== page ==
Why Is the Narrator an Unreliable One "Tell Tale Heart"?

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Why is the narrator an unreliable one?

1. He is not a reliable narrator because he is insane. Though he repeatedly states that he is sane, the reader suspects otherwise from his bizarre reasoning, behavior, and speech. ‘‘True—nervous—very, very dreadfully nervous I had been and am; but why will you say that I am mad?'' The reader realizes through Poe’s description of the narrator’s extreme nervousness that the protagonist has in fact descended into madness, as anxiety is a common symptom of insanity. He apparently suffers from some form of paranoia. Besides, the narrator claims that he loves the old man and has no motive for the murder other than his growing dislike of a cloudy film over one of the old man’s eyes. His madness becomes explicit when he explains his illogical decision to ‘‘take the life of the old man’’ in order to free himself from the curse of the eye. He demonstrates his mental imbalance as he commits a murder without a rational motive. More importantly, what the narrator considers evidences of a sane person—the meticulous and thoughtful plans required to carry out a ghastly and unpleasant deed—are interpreted instead by the reader to be manifestations of insanity.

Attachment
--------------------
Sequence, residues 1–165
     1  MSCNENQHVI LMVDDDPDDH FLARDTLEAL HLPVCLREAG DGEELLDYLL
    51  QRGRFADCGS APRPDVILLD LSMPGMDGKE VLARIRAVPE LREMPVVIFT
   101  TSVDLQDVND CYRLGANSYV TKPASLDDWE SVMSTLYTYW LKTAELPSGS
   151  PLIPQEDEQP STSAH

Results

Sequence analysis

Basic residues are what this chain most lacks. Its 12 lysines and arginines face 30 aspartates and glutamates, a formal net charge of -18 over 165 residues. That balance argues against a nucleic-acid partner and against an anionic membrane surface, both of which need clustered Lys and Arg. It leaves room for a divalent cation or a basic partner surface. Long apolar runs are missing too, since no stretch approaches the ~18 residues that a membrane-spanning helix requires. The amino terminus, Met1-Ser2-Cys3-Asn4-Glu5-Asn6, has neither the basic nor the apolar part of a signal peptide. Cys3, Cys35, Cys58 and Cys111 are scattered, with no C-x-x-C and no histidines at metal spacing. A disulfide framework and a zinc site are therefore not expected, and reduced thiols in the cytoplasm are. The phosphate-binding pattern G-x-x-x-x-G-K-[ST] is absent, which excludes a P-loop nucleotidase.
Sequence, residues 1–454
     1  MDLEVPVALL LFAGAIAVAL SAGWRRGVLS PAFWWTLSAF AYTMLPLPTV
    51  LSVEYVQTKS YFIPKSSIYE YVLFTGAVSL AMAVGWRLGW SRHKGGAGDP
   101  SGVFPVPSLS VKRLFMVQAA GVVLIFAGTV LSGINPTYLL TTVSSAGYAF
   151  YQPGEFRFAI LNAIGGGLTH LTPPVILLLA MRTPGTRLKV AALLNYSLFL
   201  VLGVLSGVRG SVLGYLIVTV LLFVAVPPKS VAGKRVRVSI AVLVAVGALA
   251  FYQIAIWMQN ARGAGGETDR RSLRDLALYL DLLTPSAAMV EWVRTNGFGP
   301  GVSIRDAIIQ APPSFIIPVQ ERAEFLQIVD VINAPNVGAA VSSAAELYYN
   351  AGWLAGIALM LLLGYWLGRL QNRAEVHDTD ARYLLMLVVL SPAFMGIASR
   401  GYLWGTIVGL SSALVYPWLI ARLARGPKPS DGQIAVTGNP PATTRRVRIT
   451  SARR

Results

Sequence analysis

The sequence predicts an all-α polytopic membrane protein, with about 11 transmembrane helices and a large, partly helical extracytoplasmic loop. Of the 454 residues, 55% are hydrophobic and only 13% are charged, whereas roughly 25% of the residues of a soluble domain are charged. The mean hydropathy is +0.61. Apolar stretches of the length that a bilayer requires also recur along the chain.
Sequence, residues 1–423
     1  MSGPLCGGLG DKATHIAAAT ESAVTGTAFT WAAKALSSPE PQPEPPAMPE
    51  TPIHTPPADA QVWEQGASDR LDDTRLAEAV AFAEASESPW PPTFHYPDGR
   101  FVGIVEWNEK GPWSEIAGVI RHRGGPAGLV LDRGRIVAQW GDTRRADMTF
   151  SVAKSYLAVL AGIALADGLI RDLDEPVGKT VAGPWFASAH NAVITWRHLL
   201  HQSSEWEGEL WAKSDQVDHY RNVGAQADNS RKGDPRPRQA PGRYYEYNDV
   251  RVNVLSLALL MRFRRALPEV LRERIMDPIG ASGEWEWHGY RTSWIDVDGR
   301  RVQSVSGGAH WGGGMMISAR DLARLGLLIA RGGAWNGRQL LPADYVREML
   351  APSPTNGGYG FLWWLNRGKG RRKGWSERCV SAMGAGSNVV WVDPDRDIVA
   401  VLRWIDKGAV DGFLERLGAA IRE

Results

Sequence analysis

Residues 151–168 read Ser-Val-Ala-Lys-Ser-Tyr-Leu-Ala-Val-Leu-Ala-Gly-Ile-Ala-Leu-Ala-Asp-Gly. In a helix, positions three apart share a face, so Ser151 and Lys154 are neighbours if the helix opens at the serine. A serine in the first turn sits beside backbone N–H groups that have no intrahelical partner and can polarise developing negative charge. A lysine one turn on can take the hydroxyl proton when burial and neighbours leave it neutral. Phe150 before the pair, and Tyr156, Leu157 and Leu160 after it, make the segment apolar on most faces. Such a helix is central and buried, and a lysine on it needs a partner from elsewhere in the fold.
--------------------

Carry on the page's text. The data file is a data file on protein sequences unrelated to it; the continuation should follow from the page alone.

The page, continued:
2. He is not a reliable narrator as readers are made to witness his vast internal contradictions. At one point, the speaker claims that he pities old man his "mortal terror," but then immediately adds "although I chuckled at heart." At another pivotal point in story, the main character examines the old man's corpse thoroughly. He is convinced and, in turn convinces the reader, that the old man is "stone dead." Yet he will later act under the belief that the old man's heart still beats. What is clear, then, is that as the reader "listens" to the narrator, he is hearing the words of a madman.

3. He is not a reliable narrator because he is emotionally unstable. Poe heightens the tension and fear running through the mind of the narrator. There is a clear connection...
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